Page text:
Figure 3

Figure 3

McCarthy et al. confirmed the belief that (1) the North Atlantic Oscillation (a sea level pressure-based index that reflects changes in wind patterns there), (2) ocean circulation in the North Atlantic (the flow of warm tropical waters northward by the Gulf Stream) and (3) the Atlantic Multidecadal Oscillation (AMO) are linked.

The abstract of McCarthy et al. reads:

Decadal variability is a notable feature of the Atlantic Ocean and the climate of the regions it influences. Prominently, this is manifested in the Atlantic Multidecadal Oscillation (AMO) in sea surface temperatures. Positive (negative) phases of the AMO coincide with warmer (colder) North Atlantic sea surface temperatures. The AMO is linked with decadal climate fluctuations, such as Indian and Sahel rainfall1, European summer precipitation2, Atlantic hurricanes3 and variations in global temperatures4. It is widely believed that ocean circulation drives the phase changes of the AMO by controlling ocean heat content5. However, there are no direct observations of ocean circulation of sufficient length to support this, leading to questions about whether the AMO is controlled from another source6. Here we provide observational evidence of the widely hypothesized link between ocean circulation and the AMO. We take a new approach, using sea level along the east coast of the United States to estimate ocean circulation on decadal timescales. We show that ocean circulation responds to the first mode of Atlantic atmospheric forcing, the North Atlantic Oscillation, through circulation changes between the subtropical and subpolar gyres—the intergyre region7. These circulation changes affect the decadal evolution of North Atlantic heat content and, consequently, the phases of the AMO. The Atlantic overturning circulation is declining8 and the AMO is moving to a negative phase. This may offer a brief respite from the persistent rise of global temperatures4, but in the coupled system we describe, there are compensating effects. In this case, the negative AMO is associated with a continued acceleration of sea-level rise along the northeast coast of the United States9, 10.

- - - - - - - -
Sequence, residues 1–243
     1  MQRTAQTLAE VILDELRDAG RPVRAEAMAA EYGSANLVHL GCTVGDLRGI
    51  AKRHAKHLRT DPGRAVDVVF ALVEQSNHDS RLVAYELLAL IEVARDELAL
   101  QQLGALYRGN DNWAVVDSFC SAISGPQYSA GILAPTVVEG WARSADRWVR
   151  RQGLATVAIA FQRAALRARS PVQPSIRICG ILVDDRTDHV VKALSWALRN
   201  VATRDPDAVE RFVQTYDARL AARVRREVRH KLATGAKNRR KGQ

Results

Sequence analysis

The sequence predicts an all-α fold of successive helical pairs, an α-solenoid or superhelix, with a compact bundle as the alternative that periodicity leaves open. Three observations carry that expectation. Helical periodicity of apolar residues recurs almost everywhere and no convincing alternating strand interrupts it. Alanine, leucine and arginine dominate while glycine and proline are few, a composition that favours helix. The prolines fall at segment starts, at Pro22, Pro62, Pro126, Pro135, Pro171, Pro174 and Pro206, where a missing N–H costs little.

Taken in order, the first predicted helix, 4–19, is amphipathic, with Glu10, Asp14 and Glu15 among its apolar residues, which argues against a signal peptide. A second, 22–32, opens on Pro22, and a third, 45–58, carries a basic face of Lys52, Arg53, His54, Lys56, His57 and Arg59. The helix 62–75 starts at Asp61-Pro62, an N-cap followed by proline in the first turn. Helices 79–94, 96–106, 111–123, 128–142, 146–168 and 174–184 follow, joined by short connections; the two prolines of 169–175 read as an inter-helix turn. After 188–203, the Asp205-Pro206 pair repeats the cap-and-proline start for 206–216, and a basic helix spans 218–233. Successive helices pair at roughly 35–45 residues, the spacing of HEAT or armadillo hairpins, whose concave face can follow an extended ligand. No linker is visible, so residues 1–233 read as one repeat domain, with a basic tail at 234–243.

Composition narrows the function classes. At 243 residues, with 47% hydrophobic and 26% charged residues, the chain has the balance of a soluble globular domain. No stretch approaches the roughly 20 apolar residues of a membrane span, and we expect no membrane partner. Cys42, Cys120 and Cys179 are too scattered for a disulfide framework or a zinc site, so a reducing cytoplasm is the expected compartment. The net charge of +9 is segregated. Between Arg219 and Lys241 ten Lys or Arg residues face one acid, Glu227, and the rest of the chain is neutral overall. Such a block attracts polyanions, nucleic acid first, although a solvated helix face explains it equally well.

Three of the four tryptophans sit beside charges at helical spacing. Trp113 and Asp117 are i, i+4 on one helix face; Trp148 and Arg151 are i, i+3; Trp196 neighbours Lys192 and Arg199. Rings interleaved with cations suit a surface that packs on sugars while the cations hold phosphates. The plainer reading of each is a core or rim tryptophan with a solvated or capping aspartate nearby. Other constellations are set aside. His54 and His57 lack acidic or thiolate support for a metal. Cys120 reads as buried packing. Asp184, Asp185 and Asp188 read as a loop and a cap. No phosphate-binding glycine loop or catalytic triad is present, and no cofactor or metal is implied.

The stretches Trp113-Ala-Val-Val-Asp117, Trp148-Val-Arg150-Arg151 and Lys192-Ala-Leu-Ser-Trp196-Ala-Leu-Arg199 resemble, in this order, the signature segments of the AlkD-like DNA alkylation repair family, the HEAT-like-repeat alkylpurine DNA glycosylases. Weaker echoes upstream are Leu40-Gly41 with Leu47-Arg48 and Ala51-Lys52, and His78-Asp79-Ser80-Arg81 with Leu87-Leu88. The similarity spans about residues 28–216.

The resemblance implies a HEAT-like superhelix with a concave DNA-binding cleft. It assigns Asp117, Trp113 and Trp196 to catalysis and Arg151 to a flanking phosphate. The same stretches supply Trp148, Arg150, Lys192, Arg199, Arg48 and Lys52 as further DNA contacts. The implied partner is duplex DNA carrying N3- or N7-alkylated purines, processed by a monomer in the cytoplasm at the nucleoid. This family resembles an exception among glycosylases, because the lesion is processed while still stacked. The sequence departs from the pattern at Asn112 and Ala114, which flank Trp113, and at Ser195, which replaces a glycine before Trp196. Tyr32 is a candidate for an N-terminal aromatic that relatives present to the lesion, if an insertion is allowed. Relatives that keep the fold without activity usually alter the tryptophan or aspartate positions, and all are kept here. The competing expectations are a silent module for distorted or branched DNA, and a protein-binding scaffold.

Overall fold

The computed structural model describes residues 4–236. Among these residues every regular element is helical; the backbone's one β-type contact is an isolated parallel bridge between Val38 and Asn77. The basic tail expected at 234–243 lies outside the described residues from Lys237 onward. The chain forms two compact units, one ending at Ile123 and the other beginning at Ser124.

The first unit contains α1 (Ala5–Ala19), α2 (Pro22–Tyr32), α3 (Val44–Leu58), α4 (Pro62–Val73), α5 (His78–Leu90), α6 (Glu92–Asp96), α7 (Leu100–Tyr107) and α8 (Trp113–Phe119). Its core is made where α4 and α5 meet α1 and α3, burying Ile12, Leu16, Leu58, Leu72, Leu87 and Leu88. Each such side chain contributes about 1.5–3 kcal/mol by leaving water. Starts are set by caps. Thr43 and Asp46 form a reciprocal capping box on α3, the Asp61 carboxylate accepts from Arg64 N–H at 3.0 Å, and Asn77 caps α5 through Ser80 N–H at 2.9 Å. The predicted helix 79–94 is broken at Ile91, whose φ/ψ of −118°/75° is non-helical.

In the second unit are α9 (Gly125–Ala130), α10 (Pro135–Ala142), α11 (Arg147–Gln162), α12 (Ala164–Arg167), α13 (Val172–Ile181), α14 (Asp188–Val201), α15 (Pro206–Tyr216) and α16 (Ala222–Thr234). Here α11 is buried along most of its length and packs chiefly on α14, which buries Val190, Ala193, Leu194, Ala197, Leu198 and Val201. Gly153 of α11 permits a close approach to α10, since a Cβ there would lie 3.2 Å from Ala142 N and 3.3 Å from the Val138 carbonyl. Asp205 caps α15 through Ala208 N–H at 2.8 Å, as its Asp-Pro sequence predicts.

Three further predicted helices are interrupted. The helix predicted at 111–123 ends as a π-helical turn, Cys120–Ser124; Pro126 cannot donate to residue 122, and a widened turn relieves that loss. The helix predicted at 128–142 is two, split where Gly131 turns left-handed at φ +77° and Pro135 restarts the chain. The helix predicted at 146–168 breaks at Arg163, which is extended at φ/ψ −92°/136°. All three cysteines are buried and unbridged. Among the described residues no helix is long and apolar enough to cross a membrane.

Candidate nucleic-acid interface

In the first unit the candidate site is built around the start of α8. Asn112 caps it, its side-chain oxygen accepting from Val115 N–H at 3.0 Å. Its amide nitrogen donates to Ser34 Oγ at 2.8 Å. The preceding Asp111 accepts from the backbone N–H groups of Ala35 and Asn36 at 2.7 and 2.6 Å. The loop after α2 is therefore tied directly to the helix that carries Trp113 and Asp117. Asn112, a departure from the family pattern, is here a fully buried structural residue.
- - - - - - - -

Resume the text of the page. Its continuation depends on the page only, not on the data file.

The last two sentences are noteworthy. Good news: the surface temperatures of the North Atlantic are going to suppress global warming for the next couple of decades…after enhancing them for the past 3+ decades.  The bad news:  there will likely be an accelerated rise in sea level from Cape Hatteras to Boston during that time.


I suspect the true blue believers in catastrophic human-induced global warming will attempt to downplay the role of the AMO by citing the curious paper Steinman et al. (2015), which clearly illustrated model failings, even though they were attempting (and failing) to make other points.  See the posts:

We’ve illustrated and discussed how poorly climate models simulate sea surface temperatures in the posts:

For more information on the Atlantic Multidecadal Oscillation, refer to the NOAA Frequently Asked Questions About the Atlantic Multidecadal Oscillation (AMO) webpage and the posts:

[My thanks to Marcel Crok and blogger Alec aka Daffy Duck for the heads-up.]



About Bob Tisdale

Research interest: the long-term aftereffects of El Niño and La Nina events on global sea surface temperature and ocean heat content. Author of the ebook Who Turned on the Heat? and regular contributor at WattsUpWithThat.
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7 Responses to New Paper Confirms the Drivers of and Processes behind the Atlantic Multidecadal Oscillation